Cultural assimilation of Native Americans

The cultural assimilation of Native Americans refers to a series of efforts by the United States to assimilate Native Americans into mainstream European–American culture between the years of 1790 and 1920.[2][3] George Washington and Henry Knox were first to propose, in the American context, the cultural assimilation of Native Americans.[4] They formulated a policy to encourage the so-called "civilizing process".[3] With increased waves of immigration from Europe, there was growing public support for education to encourage a standard set of cultural values and practices to be held in common by the majority of citizens. Education was viewed as the primary method in the acculturation process for minorities.

The Carlisle Indian Industrial School was a major institution for the assimilation of Native Americans. From 1879 until 1918, over 10,000 children from 140 tribes attended Carlisle.[1]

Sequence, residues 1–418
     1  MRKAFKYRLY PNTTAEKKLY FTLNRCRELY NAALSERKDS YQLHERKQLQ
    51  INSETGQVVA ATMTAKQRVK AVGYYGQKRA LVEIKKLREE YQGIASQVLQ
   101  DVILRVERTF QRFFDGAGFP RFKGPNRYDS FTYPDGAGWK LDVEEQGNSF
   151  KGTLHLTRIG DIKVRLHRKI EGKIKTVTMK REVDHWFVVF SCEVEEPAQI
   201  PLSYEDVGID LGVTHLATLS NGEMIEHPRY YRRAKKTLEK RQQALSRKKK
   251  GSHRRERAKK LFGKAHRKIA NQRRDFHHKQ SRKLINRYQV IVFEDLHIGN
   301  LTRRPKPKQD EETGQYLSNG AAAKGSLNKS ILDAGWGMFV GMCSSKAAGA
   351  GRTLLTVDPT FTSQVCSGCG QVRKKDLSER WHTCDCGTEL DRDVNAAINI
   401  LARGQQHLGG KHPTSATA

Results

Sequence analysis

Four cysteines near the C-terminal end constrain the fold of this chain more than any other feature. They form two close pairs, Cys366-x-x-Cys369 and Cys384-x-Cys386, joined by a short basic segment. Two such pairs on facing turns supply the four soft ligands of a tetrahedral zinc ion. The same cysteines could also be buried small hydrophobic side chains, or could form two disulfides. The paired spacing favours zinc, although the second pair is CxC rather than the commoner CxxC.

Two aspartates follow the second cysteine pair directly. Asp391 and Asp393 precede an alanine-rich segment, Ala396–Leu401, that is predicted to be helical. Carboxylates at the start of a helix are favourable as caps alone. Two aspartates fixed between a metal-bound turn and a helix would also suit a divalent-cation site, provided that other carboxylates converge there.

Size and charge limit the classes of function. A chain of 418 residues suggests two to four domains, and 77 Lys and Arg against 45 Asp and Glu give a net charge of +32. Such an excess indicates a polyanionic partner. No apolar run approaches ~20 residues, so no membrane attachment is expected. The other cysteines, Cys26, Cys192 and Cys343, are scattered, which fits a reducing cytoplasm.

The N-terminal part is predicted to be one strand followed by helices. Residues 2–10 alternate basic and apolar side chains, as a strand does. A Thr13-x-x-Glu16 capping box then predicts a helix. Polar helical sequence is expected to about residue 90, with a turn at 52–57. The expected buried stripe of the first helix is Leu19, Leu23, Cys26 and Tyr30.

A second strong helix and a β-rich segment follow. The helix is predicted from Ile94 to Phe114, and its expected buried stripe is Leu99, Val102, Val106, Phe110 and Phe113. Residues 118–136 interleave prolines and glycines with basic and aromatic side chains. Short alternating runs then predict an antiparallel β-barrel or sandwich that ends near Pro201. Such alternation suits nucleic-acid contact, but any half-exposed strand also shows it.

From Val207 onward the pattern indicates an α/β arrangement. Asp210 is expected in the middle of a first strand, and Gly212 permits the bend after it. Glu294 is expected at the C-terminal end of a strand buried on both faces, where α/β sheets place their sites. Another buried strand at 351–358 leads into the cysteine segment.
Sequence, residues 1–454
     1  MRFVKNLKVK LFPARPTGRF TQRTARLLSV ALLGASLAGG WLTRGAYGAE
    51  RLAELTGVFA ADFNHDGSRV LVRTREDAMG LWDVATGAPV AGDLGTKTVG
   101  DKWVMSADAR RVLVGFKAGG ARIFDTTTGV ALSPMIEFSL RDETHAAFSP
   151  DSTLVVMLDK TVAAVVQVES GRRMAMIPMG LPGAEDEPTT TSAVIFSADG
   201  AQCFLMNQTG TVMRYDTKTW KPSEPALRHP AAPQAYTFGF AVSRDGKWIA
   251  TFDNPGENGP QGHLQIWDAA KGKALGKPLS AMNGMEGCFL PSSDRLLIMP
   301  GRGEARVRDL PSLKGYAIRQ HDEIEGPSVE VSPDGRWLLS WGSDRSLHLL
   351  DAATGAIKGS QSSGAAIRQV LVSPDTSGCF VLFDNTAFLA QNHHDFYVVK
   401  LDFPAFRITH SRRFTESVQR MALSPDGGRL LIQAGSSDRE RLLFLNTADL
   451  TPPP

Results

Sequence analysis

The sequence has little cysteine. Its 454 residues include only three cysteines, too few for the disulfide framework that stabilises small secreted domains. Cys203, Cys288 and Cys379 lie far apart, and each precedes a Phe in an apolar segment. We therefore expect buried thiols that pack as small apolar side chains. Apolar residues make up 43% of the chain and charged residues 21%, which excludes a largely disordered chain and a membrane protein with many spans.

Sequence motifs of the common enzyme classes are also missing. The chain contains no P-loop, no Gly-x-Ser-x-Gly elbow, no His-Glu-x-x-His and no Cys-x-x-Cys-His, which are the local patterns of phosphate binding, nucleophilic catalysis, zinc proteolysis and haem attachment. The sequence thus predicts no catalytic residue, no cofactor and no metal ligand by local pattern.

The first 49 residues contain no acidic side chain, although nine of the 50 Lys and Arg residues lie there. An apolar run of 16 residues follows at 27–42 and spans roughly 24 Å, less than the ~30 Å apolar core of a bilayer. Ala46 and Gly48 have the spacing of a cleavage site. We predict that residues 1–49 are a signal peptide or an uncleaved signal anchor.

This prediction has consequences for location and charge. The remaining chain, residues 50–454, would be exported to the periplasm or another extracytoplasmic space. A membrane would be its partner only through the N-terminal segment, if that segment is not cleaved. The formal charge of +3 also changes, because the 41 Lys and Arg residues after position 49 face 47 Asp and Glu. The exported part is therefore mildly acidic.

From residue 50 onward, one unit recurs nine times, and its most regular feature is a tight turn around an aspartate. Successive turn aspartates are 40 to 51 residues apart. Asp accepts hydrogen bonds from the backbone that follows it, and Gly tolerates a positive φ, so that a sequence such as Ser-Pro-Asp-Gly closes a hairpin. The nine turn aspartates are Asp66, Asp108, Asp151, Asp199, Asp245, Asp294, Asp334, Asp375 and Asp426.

Americanization policies were based on the idea that when indigenous people learned customs and values of the United States, they would be able to merge tribal traditions with American culture and peacefully join the majority of the society. After the end of the Indian Wars, in the late 19th and early 20th centuries, the federal government outlawed the practice of traditional religious ceremonies. It established Native American boarding schools which children were required to attend. In these schools they were forced to speak English, study standard subjects, attend church, and leave tribal traditions behind.

The Dawes Act of 1887, which allotted tribal lands in severalty to individuals, was seen as a way to create individual homesteads for Native Americans. Land allotments were made in exchange for Native Americans becoming US citizens and giving up some forms of tribal self-government and institutions. It resulted in the transfer of an estimated total of 93 million acres (380,000 km2) from Native American control. Most was sold to individuals or given out free through the Homestead law, or given directly to Indians as individuals. The Indian Citizenship Act of 1924 was also part of Americanization policy; it gave full citizenship to all Indians living on reservations. The leading opponent of forced assimilation was John Collier, who directed the federal Office of Indian Affairs from 1933 to 1945, and tried to reverse many of the established policies.

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